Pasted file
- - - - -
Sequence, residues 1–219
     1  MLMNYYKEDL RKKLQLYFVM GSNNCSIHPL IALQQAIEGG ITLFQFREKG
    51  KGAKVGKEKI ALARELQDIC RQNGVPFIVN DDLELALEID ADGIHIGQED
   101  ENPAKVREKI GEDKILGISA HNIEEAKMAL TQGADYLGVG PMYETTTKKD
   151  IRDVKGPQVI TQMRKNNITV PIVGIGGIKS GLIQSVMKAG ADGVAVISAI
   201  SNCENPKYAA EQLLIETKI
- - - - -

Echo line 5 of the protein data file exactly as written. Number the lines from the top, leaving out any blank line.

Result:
   151  IRDVKGPQVI TQMRKNNITV PIVGIGGIKS GLIQSVMKAG ADGVAVISAI